“TED saves energy by providing real-time comprehensive electricity data in both kWh and dollar amounts,” said Melissa Lacas, director of marketing, Energy Inc., Charleston, S.C. “By projecting monthly bills; providing accurate usage every second, minute, hour, day, and month; consumers can make more informed decisions on their electricity usage. TED Pro will also tell users how efficient — or not efficient — their HVAC system is.”

TED Pro Commercial is a stand-alone device that can be installed in retrofit applications, as well as new construction, and provides energy savings averaging 12.6 percent per month, noted Lacas. “However, when integrated with an energy-efficient HVAC system, TED has the ability to monitor HVAC independently, thus providing more data, resulting in more savings.”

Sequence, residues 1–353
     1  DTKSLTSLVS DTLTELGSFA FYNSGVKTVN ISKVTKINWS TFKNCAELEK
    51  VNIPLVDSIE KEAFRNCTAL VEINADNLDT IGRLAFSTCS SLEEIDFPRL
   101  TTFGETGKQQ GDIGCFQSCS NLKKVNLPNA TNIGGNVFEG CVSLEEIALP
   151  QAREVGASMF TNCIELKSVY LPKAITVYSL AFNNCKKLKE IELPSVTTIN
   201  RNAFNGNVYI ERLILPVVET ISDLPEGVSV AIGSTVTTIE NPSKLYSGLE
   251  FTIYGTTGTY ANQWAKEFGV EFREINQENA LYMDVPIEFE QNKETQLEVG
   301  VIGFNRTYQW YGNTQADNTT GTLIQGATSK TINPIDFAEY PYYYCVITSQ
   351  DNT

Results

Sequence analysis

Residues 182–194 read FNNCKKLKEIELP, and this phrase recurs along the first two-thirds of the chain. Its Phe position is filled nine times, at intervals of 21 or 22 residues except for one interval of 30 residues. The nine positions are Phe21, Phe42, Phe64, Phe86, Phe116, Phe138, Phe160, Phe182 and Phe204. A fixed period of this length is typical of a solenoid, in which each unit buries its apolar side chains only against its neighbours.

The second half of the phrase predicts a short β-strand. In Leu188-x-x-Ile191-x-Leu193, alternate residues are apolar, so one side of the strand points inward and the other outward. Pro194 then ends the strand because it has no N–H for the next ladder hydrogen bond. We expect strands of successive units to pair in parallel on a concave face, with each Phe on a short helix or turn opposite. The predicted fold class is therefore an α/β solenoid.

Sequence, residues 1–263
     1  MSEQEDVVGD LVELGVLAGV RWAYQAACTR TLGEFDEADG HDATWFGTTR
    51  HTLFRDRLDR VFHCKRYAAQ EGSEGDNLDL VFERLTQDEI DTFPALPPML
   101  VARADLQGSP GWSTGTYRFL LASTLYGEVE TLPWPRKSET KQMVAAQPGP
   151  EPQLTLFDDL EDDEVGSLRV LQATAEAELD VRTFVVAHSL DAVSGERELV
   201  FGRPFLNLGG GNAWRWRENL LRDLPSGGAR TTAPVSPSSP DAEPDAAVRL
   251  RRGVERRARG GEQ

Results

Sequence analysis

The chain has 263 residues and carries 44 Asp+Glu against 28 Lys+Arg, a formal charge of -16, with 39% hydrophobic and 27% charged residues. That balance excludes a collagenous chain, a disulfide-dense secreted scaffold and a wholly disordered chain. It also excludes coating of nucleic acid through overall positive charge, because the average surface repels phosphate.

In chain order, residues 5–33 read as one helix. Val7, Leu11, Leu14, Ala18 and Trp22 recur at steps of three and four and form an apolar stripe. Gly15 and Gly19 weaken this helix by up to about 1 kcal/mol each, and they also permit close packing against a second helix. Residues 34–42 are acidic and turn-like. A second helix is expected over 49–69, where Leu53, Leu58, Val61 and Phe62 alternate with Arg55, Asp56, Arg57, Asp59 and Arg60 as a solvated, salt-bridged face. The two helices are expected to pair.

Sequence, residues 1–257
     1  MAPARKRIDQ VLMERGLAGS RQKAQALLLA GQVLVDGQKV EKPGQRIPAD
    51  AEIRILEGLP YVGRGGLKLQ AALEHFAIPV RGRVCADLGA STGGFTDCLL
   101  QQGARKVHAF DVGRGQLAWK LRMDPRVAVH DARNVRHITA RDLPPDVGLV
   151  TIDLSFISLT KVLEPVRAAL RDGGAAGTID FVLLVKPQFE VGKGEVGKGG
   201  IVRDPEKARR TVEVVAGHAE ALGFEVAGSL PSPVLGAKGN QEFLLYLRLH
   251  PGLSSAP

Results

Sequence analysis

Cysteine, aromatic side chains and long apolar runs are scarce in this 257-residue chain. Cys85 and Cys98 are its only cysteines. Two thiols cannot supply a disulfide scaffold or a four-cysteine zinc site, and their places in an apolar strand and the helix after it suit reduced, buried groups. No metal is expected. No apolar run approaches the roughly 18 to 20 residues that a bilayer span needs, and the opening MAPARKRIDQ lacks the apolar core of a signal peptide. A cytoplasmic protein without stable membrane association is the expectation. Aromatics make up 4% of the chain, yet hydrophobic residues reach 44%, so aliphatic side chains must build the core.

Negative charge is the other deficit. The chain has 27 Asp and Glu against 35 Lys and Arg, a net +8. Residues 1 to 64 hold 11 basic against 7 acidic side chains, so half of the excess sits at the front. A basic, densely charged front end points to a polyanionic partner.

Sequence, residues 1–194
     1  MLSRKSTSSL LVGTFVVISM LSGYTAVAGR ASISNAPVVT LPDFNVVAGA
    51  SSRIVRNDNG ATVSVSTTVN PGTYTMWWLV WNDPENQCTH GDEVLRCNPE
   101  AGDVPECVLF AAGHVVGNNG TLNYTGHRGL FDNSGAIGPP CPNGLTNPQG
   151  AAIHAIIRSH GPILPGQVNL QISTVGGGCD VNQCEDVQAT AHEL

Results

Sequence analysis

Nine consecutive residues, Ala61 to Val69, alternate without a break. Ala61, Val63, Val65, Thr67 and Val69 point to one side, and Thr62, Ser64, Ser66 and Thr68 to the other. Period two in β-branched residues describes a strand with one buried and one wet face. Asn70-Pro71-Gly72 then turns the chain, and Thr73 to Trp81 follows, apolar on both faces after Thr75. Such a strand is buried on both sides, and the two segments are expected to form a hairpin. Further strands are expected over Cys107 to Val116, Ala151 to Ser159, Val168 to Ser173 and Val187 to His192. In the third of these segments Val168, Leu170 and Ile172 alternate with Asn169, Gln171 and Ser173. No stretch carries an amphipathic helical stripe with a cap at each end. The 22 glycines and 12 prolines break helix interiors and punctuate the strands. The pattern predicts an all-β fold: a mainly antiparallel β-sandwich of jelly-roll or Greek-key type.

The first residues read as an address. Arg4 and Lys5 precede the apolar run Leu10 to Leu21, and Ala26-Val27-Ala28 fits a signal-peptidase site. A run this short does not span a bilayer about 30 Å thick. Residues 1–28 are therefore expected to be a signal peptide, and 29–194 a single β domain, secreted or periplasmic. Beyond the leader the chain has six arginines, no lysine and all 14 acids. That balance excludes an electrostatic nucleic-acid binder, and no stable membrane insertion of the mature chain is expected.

Another energy-saving technology recently introduced by Titus involves harvesting light energy to power the electronic logic in its EOS and Solar Plexicon diffusers. This technology senses supply air temperature and operates the drive mechanism that directs the airflow in the appropriate pattern to utilize the full performance benefit of either heated or cooled supply air in the occupied space.

“When using a manually adjusted diffuser in the past, the conventional recommendation was to split the airflow pattern between horizontal and vertical discharge, which conservatively wasted up to 30 percent of the energy cost in misdirected airflow,” said Mark Costello, grilles, registers, and diffusers product manager, Titus, Plano, Texas.